Black Republican Delegates Are Big Fans Of Omarosa

The former Apprentice contestant has not formally been announced as Trump’s black outreach head, but has taken on the role.

CLEVELAND — Black Republican delegates overwhelmingly support the Trump campaign putting Omarosa Manigault — the former Apprentice contestant — in charge of black outreach, despite lingering questions over her party identification and influence with black political and civil rights leaders.

There hasn’t been a formal campaign announcement regarding Manigault’s hiring; Manigault herself made the announcement on an appearance on MSNBC in which she defended the campaign’s ability to draw in black voters.

But black delegates say Manigault is the right operative for the job because of her close relationship to Trump, taking priority over concerns she worked in the Clinton administration and isn’t seen as having conventional political connections in black America.

“We get hung up on how long someone’s been a Democrat,” Michael Barnett, the Palm Beach County Republican Party Chair said in an interview with BuzzFeed News. “People see the light on their deathbed or early in life. But if you really believe in our mission and candidate then everybody’s welcome.”

Barnett, who met Manigault earlier this month at the National Diversity Coalition for Trump’s meeting at the RNC in Washington, said she “seemed like a real sweetheart” and that she good idea how to bring minorities into the campaign and supporting Trump.

“The reality is we’re not going to move forward with the same party,” he said. “Trump is building a real coalition and it’s going to take independents and Democrats to make America safer, make us more financially, economically secure. It’s a message that we’re gravitating to and promoting.”

Some delegates that met Manigault described here as an affable, charismatic, and task-oriented. But nearly every black Republican supporting the campaign said the same thing: Her most important attribute is her close personal relationship with the candidate.

“She is a very strong and sound businesswoman,” Sean Jackson, the chair of the Black Republican Caucus of Florida said. “She’s politically savvy and she knows the intricacies and the ins and outs of Washington, D.C., and she’s very good when it comes to strategizing. But most important is her relationship with Mr. Trump of over 13 years. She knows the heart and character of this man and that makes it easy to vouch for him to black voters.”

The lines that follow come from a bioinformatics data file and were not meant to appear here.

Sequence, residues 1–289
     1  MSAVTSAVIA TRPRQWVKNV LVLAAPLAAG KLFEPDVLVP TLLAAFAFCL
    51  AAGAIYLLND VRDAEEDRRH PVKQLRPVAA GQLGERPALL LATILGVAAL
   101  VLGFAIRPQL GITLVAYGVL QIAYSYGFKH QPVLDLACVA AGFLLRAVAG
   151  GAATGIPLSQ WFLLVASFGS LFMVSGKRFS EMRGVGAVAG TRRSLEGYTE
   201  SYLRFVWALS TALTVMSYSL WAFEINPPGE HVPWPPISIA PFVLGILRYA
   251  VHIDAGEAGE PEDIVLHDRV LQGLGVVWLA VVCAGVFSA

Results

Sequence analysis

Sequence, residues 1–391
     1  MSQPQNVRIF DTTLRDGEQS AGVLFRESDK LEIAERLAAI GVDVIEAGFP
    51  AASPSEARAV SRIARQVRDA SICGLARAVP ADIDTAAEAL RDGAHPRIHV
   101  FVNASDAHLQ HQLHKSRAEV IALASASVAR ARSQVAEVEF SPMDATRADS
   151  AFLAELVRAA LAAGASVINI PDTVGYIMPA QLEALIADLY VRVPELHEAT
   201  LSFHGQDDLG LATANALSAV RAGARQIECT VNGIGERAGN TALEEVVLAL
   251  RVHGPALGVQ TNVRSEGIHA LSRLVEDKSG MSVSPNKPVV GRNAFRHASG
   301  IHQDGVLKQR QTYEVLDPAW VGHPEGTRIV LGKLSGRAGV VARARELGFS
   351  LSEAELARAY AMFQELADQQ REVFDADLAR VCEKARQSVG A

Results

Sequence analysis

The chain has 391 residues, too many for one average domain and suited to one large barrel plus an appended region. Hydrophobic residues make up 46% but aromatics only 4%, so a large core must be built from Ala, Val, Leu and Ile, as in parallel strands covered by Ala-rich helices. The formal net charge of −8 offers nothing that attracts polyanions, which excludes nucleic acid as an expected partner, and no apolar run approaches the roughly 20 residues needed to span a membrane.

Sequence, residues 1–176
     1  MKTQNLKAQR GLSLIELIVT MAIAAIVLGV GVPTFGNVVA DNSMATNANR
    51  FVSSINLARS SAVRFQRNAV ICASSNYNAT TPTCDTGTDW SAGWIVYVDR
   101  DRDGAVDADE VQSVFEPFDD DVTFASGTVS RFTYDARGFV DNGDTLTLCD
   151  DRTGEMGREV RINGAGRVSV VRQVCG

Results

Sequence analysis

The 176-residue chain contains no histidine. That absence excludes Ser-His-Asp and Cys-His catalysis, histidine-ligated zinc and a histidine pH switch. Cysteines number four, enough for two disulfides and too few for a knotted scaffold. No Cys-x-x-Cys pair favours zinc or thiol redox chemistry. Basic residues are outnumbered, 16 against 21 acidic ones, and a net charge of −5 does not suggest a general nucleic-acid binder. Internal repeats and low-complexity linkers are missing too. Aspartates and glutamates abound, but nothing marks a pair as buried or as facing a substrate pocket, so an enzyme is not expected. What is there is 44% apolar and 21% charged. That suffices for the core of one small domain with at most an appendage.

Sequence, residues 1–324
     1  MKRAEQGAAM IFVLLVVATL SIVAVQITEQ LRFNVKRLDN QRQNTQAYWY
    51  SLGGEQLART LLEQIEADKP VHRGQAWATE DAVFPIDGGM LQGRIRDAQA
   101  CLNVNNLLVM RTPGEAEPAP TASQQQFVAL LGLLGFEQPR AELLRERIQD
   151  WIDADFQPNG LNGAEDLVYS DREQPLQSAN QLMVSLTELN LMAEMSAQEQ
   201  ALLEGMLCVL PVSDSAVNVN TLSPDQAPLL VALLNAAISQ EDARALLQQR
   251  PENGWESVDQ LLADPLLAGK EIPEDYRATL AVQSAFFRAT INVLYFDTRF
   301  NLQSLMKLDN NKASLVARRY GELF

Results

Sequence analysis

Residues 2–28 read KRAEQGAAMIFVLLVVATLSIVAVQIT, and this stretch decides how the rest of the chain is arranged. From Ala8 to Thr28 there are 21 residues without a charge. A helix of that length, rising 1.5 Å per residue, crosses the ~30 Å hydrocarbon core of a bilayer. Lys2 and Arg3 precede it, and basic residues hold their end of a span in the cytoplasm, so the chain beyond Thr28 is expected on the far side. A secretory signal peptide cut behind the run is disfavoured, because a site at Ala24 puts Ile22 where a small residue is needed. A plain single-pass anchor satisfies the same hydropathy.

Kory Boone, a delegate from Maryland who is chair of its young Republicans, said he was optimistic the hire meant outreach was moving forward. But Boone said he was unsure how effective Manigault would be in the position because establishment candidates for it usually fit a certain mold — like being connected in the civil rights community.

“I’m not sure who her friends are, what circles she’s involved with, or if she’s a part of any black orgs, so I’m not sure how effective she’ll be effective she’ll be recruiting African Americans,” Boone said. “If she was a member of NAACP or Urban League, I would say she has some influence. Not to say that’s the only way to reach black people but it helps.”

Manigault is perhaps best-known for her villainous turn on NBC’s The Apprentice.

“What people realize when they first meet Omarosa is that she’s sincere and down-to-earth,” Jackson said. “It is very easy for anybody to meet Omarosa and instantly fall in love with her.”

Parson Hicks, a delegate from Massachusetts said she was happy that Trump finally put someone in the position and that she was excited to see it was an area Trump was beginning to focus on — even if Manigault lacks the campaign experience.

“What I know is that Donald Trump surrounds himself with people that he trusts,” Hicks said. “I do think that for someone in that position it’s helpful to have some of that experience, but I imagine she’ll people around to help her. Like any position, you have the best people around you to help.”

“But what we’ve seen from Trump is that he values people who he’s worked with. I think he knows there aren’t too many people in the establishment who care for him.”

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